As can be seen in the images throughout this review, the first thing that will draw many players to Puzzle Fighter is not the frantic puzzley action, but the the instantly recognisable, chibi renditions of classic Dalkstalkers and Street Fighter characters. There are 8 characters to select, with an additional 6 or so secret characters to play as, with each character having their own stage and theme music. The only real reason to select one character over another is that each character has a different pattern of coloured junk gems that drop on the opponents side. Unfortunately these patterns are not balanced, with some being much more complex than others, and as such, this is my only real criticism of the game.
During matches, your selected fighter will taunt the opponent and even perform their signature moves when a large number of gems are destroyed. For example, with Ken selected, if a match is won by unleashing an avalanche of junk gems onto your opponent, Ken will perform his patented Shinryuken, complete with flashy super combo finishing screen. Needless to say, this is the most satisfying way to beat someone at a puzzle game I’ve ever experienced.
Now, while everything I’ve written about so far applies to every available version of Puzzle Fighter, the Dreamcast version was released with some new additions Including two new gameplay modes, Y and Z, with the original arcade mode being named X. In Y mode, gems are destroyed by lining up three or more of the same colour in a similar fashion as Columns, and in Z mode gems come up in rows from the bottom of the play area, and are rotated in groups of four to line up with crash gems. These two extra modes are by no means revolutionary, nor do I personally find them to be any better than the original arcade mode, but they are welcome additions ensuring that you don’t get burnt out on the one mode. The additional Gem Edit mode allows you to design and save your own junk gem patterns, and the self-explanatory Network mode allows for online play, or at least it would if the server were not closed in 2003.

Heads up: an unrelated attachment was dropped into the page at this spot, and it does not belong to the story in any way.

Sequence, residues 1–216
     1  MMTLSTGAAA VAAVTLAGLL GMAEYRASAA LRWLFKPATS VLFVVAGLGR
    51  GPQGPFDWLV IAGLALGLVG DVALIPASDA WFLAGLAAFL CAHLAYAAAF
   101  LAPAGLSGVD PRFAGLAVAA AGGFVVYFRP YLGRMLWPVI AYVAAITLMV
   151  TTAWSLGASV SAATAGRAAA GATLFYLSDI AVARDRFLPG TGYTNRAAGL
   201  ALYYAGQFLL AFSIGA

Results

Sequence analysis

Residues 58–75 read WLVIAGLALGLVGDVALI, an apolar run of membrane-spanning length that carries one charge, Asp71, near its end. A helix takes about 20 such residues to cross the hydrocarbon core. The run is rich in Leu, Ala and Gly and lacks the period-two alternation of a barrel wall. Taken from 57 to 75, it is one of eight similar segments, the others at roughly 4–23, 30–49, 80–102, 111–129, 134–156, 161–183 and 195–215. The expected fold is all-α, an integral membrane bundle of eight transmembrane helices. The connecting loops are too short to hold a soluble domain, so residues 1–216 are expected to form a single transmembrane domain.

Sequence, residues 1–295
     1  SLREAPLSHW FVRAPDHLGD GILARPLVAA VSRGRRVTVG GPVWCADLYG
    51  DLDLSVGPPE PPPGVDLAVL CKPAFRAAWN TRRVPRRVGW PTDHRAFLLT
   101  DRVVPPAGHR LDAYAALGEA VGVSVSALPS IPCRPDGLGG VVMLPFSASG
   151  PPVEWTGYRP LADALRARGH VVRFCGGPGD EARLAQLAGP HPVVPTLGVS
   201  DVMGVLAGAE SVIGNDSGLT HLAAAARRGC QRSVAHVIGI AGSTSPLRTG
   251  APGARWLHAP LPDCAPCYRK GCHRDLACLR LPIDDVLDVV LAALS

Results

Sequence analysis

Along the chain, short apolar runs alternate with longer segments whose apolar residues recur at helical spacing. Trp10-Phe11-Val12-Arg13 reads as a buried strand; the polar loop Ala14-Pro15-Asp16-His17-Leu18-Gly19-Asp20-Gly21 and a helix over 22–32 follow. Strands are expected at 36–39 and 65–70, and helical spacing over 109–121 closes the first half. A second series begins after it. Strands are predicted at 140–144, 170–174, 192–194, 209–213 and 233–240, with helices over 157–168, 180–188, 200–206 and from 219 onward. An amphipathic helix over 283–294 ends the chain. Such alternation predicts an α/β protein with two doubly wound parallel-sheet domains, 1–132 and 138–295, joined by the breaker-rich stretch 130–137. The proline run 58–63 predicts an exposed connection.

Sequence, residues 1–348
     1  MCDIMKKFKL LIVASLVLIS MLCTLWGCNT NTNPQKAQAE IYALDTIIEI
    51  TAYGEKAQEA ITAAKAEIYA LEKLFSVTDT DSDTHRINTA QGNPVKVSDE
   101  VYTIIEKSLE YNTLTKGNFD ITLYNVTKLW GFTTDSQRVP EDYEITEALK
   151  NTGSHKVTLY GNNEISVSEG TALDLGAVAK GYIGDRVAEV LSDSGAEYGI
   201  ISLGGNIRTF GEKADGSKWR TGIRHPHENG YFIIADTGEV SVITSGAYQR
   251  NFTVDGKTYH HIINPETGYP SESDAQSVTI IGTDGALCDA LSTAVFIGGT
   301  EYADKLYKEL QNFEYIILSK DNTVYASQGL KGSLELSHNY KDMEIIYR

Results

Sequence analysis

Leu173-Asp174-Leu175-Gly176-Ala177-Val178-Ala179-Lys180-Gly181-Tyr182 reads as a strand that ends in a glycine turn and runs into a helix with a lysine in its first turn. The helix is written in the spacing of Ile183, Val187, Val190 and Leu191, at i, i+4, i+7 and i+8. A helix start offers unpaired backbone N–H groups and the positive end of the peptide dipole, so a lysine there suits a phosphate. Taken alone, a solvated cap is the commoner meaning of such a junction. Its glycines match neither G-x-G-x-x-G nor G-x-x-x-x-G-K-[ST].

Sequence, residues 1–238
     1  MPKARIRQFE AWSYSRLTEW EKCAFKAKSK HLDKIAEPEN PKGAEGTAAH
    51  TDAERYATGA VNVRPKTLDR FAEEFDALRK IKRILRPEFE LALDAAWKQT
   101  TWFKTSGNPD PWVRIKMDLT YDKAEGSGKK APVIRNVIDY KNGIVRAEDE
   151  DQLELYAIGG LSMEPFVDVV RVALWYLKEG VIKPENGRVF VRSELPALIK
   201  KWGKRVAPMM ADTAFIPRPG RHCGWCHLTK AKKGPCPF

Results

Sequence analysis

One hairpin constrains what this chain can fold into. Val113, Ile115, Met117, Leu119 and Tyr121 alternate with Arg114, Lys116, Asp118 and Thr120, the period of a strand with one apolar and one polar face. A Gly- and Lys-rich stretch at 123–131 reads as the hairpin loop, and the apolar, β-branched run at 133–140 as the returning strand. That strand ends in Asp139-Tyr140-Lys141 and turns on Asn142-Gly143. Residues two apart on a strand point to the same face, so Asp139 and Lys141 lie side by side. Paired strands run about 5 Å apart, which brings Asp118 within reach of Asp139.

For those wondering why this specific, Japan-only version of Puzzle Fighter has been chosen for review, the answer is simple. Firstly, it is on a Sega console and that’s kinda what we’re all about here at Sega Addicts. Secondly, this version most closely resembles the game’s most recent iteration, Super Puzzle Fighter II Turbo HD Remix for XBLA and PSN. This particular version includes HD visuals, online multi-player and a rebalanced X’ arcade mode, which address the minor imbalances with the original arcade mode I mentioned earlier, and will be released as part of Capcom’s recently released Capcom Digital Collection along with seven other Capcom XBLA games.
At the time of its release, Super Puzzle Fighter II X for Matching Service was the definitive, home console edition of Capcom’s fantastic puzzler. While the core gameplay isn’t revolutionary, the game has little to no faults and plays well as a single player game, and is equally enjoyable when played head-to-head with friends. The intense, back-and-forth nature of gameplay results in fast-paced, exciting and very stimulating puzzle battles that really do give the feeling that you are playing a puzzle game inspired by 2D fighters. This, topped off with the almost adorable Capcom fighter theme, while completely cosmetic, ensures that game stands out against the myriad other puzzle games available.
|This entry was posted by Michael Westgarth on April 20, 2012 at 6:30 am, and is filed under Features. Follow any responses to this post through RSS 2.0. You can skip to the end and leave a response. Pinging is currently not allowed.|